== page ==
Would you apply this secret technique to prove your worth as a meeting planner?Posted on Mar 17, 2014 • 8:00 am 2 Comments
If you were suddenly asked to justify your job, would you be ready?
In this age of sequesters, recessions and the ubiquitous AEG Effect, you can’t rely on the C-suite to recognize your efforts or champion your worth as a meeting planner. It’s time to take charge of your career by implementing one secret move that will prove your worth any time it’s questioned: the justification kit.
What’s a justification kit, you wonder? You’ve probably seen one before, especially when registering for an industry conference. Many conferences offer justification tools that prove the value of attending their event. These kits may include a letter to your boss explaining the event’s value, worksheets calculating the conference’s ROI for your company and other easily adaptable tools.
Now what if you applied the same idea to your career?
Value Versus Effort
You probably already know that effort isn’t enough. Or you’ll figure it out in a hurry the next time you’re asked to report to the corporate execs or justify your department’s budget.
Can you find 15 minutes a week to organize a justification kit? This living document could eventually get you a raise or even save your job. The challenge is identifying key elements to bolster your worth to the powers-that-be and then tracking these elements over time.
What’s Your Professional ROI?
1. Know the Deep Data
You are building your own personal brand as a professional. Start by identifying your target audience (in this case, it could be your boss — or even your next boss). Then mine the deep data so you can present conclusions about your performance based on unbiased information.
How do you uncover deep data? In a nutshell, it means turning volumes of information into comprehensible patterns. Don’t just regurgitate attendee numbers and boast about an increase. Mine the data for the “why.” Done right, these numbers will reveal your efforts and successes.
You can even mine data from your failures and show how you used the occasion to drive value. Let’s say your first event of the year threatened to turn into a chaotic mess, thanks to some questionable venue mapping. Use the data to illustrate how you researched and used software (like SocialTables) to regain control and maximize the event budget in the process.
2. Turn the ‘Big Three’ Into Sticky Illustrations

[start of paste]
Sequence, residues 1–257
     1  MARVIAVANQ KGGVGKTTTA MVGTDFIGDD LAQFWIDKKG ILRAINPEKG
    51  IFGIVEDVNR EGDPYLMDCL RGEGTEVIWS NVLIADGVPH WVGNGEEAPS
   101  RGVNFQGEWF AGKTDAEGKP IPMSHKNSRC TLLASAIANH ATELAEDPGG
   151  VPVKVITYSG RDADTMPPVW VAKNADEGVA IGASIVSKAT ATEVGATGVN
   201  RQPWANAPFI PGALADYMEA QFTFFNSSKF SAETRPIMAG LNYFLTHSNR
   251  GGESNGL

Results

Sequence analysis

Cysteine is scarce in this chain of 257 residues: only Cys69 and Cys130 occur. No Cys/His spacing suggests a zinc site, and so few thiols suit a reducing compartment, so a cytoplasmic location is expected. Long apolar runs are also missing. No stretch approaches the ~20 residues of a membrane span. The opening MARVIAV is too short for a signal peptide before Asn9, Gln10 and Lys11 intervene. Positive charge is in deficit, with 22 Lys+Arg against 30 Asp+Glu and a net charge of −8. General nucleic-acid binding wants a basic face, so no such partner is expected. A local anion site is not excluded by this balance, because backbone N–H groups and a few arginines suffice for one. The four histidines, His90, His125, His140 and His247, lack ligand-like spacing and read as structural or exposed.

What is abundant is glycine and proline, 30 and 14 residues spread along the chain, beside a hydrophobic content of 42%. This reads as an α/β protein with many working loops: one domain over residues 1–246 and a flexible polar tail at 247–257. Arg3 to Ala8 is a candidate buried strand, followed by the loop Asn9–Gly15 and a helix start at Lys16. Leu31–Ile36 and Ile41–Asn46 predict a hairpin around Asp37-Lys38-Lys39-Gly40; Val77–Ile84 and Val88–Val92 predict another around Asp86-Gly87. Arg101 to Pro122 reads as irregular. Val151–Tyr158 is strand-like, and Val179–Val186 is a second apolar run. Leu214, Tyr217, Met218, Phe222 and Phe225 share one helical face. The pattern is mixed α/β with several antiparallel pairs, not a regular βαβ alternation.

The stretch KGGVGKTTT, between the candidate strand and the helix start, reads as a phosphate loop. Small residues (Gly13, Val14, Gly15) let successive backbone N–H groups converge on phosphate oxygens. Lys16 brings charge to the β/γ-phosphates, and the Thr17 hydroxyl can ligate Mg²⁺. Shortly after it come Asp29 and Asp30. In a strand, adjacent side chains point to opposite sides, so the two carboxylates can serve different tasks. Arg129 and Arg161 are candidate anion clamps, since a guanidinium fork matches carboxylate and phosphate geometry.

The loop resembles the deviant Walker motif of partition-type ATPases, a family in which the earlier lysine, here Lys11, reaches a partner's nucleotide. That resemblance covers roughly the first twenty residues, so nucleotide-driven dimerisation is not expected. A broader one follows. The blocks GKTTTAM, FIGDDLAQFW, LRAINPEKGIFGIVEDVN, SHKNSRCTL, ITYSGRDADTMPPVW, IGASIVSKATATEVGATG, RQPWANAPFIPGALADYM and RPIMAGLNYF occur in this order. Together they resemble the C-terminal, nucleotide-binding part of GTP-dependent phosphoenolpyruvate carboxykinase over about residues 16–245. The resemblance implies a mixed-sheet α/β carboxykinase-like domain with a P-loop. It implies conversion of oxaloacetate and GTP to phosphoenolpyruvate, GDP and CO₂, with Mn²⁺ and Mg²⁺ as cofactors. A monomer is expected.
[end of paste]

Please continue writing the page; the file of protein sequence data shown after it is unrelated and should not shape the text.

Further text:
You are enthusiastic and a master multi-tasker. Planners, by nature, usually are. But when you are tracking your professional ROI, it pays to have laser focus. Why not measure everything? It’s unrealistic to track all the tools or concepts you use.
Instead, pick three big ideas. These “Big Three” could be meetings, events or conferences that you plan. Or they could be strategies and objectives that align your professional efforts with organizational goals. Whatever you choose, you’ll use the “Big Three” to illustrate your contributions.
From proposal to execution and event ROI and ROO, dedicate yourself to documenting your winning tactics. As a bonus, share what you’ve learned with others and your boss along the way. Explain how you’ll use this information to make the next event an even greater success.
3. Track the ROO
ROI is so 2013. It’s time to track ROO so you can justify your worth by aligning meeting objectives with organizational goals.
ROO is a crucial tool for meeting planners to evaluate intangible benefits and worth. It is especially important if you can’t tie your event’s success to sales, or if you need to track member engagement or customer awareness. Media companies have increasingly used ROO as a useful and alternative way to measure the success of marketing campaigns, as you can see in this post by consumer marketing expert Dan Mayer.
Here’s how one trade association planner used ROO to justify her worth. For the better part of a decade, this planner had organized an annual event for the association’s young, new members.
But the numbers had been in a downward spiral that left her struggling.
To turn the tide, she tied the event with the family friendly nature of Kalahari Resorts and Conventions. Instead of a “have to go,” the meeting became a “get to go” because the whole family could attend together. She was able to demonstrate that if new members attended, they stayed in the profession and remained members of the organization longer. As a result, she was able to prove ROO that led to ROI — and the preservation of her job.
How does your justification kit measure up? What tools do you use to identify and track the professional contributions you make?